I finally finshed up my reading on faith and science. That was certainly a lot to think about. I’ll post about those ideas in the next few weeks as I get my thoughts together for my Sunday school series.
So, I finally get to read something I am interested in for a few weeks. I immediately pulled Brad Young’s latest book, Meet the Rabbis off the shelf – I’ve been dying to read it for months. It reminded me about how much I love the “Jerusalem School” of Synoptic interpretation. That is something I’ve never really posted about so I thought I’d do that here. I first encountered this movement while studying the historical background of the New Testament in graduate school. It was marvelous. I thought my brain was going to explode. The context of first century Judaism is one of the most (if not the most) important aspects of Synoptic interpretation. Since the early 80s, the Jerusalem School has used rabbinical tradition and Jewish cultural context to frame the words of Jesus (It began with the work of David Flusser, Robert Lindsey, and Shmuel Safrai at Hebrew University). In its rabbinical context, Jesus’ words reveal precise interpretation – something lost in our generalized, Westernized approach to scripture. For me, they do what Robert Alter and Simon Bar-Efrat have done for the Old Testament. If you are preaching the gospels and have not digested their research, chances are good you may be missing a significant part of its meaning – particularly the parables. And that doesn’t have to do with our ability to interpret a text, but rather our inability to fully interpret without the original rabbinical references. All the Greek in the world won’t help you unearth those Hebraisms that inform that original interpretation.
Though not all of the books below originated in the “Jerusalem School,” here’s a good list to start with when learning about Synoptic context and rabbinical tradition:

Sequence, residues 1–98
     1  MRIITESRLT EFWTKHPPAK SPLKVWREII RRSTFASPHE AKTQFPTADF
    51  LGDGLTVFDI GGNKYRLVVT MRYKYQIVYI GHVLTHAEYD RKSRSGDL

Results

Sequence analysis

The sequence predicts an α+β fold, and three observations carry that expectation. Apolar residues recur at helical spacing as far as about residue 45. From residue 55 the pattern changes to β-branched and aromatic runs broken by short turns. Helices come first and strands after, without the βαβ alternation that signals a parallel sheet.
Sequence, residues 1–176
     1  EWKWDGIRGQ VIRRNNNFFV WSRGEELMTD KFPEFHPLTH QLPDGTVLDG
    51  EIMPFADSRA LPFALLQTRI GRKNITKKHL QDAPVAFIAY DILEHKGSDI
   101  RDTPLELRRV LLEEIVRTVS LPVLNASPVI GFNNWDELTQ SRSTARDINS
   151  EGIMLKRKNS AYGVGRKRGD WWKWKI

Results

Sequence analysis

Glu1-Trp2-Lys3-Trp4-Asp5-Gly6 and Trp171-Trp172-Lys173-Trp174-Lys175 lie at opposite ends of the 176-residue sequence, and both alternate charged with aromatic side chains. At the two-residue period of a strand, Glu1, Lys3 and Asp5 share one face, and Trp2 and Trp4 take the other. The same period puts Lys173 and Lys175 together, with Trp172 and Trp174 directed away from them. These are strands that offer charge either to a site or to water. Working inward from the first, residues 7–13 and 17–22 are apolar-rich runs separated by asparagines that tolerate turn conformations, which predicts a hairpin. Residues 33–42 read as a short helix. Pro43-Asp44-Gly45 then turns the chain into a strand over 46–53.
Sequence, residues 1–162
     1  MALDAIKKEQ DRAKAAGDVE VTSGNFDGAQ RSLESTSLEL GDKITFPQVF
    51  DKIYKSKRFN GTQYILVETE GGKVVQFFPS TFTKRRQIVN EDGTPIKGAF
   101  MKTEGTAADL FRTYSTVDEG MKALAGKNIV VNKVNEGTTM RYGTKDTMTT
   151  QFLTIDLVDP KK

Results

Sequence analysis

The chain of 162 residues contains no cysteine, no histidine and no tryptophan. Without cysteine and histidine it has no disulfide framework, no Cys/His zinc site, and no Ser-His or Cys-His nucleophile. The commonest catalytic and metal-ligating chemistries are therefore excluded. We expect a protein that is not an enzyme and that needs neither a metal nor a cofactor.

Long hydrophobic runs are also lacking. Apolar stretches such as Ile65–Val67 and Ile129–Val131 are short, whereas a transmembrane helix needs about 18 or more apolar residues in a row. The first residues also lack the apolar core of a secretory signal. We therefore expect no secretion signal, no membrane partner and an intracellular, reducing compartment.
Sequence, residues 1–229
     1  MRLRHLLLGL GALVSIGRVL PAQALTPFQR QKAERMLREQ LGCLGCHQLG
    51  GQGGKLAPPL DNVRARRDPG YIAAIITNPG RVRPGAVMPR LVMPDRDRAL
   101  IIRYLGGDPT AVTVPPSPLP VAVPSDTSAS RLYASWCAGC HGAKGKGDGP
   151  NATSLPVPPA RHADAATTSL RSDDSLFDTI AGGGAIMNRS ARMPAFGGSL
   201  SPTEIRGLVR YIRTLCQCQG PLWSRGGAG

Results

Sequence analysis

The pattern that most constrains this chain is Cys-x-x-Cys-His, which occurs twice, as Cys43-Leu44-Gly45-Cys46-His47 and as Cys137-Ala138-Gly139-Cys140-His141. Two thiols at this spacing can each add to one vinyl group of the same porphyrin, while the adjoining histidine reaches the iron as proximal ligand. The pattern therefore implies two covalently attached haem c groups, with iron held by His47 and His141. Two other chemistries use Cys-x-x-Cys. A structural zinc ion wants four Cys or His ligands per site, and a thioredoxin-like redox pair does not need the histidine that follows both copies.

Kenneth Bailey, Poet and Peasant/Through Peasant Eyes
David Bivin and Roy Blizzard, Understanding the Difficult Words of Jesus
David Daube, The New Testament and Rabbinic Judaism
Julius Scott, Jewish Backgrounds of the New Testament
Marvin Wilson, Our Father Abraham
David Flusser, The Sage of Galilee
David Instone-Brewer, Traditions of the Rabbis from the Era of the New Testment: Prayer and Agriculture
Oskar Skarsaune, In the Shadow of the Temple: Jewish Influences on Early Christianity
Do yourself a favor and read everything Young and Bailey have written.
Here’s a thought: a lot of folks are worried about “postfoundationalist” interpretation of the Bible – that there is no “framework” in which to firmly place Jesus’ teachings. But it seems that Jesus made sure that his words would not be interpreted too far from his original intent. He didn’t choose archaeology or geography to anchor his teachings. He chose literature – rabbinic literature to be exact. And the literature/oral tradition with which Jesus interacted (the Mishnah, Tosefta, and Tannaitic Midrashim, etc.) has been painstakingly preserved by its followers. So, the “reference” points of the gospels are as strong today as when they were spoken by Jesus himself. Curious about the “framework” from which Jesus taught? Check out the books above.